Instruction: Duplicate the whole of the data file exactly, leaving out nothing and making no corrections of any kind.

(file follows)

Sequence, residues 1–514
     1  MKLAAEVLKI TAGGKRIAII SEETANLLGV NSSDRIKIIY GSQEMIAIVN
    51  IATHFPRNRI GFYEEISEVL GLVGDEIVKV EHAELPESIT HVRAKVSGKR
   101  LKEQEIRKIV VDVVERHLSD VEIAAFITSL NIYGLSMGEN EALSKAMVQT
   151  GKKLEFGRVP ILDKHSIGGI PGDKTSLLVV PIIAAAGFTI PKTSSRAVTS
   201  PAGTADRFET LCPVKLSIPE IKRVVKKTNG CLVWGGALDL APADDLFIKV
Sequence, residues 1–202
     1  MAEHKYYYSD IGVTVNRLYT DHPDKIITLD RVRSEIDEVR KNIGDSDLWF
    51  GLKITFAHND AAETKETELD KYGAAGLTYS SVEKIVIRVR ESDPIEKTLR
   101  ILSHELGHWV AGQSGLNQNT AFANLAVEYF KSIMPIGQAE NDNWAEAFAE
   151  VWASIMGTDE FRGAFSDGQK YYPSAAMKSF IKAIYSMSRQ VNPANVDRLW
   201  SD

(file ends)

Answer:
Sequence, residues 1–514
     1  MKLAAEVLKI TAGGKRIAII SEETANLLGV NSSDRIKIIY GSQEMIAIVN
    51  IATHFPRNRI GFYEEISEVL GLVGDEIVKV EHAELPESIT HVRAKVSGKR
   101  LKEQEIRKIV VDVVERHLSD VEIAAFITSL NIYGLSMGEN EALSKAMVQT
   151  GKKLEFGRVP ILDKHSIGGI PGDKTSLLVV PIIAAAGFTI PKTSSRAVTS
   201  PAGTADRFET LCPVKLSIPE IKRVVKKTNG CLVWGGALDL APADDLFIKV
Sequence, residues 1–202
     1  MAEHKYYYSD IGVTVNRLYT DHPDKIITLD RVRSEIDEVR KNIGDSDLWF
    51  GLKITFAHND AAETKETELD KYGAAGLTYS SVEKIVIRVR ESDPIEKTLR
   101  ILSHELGHWV AGQSGLNQNT AFANLAVEYF KSIMPIGQAE NDNWAEAFAE
   151  VWASIMGTDE FRGAFSDGQK YYPSAAMKSF IKAIYSMSRQ VNPANVDRLW
   201  SD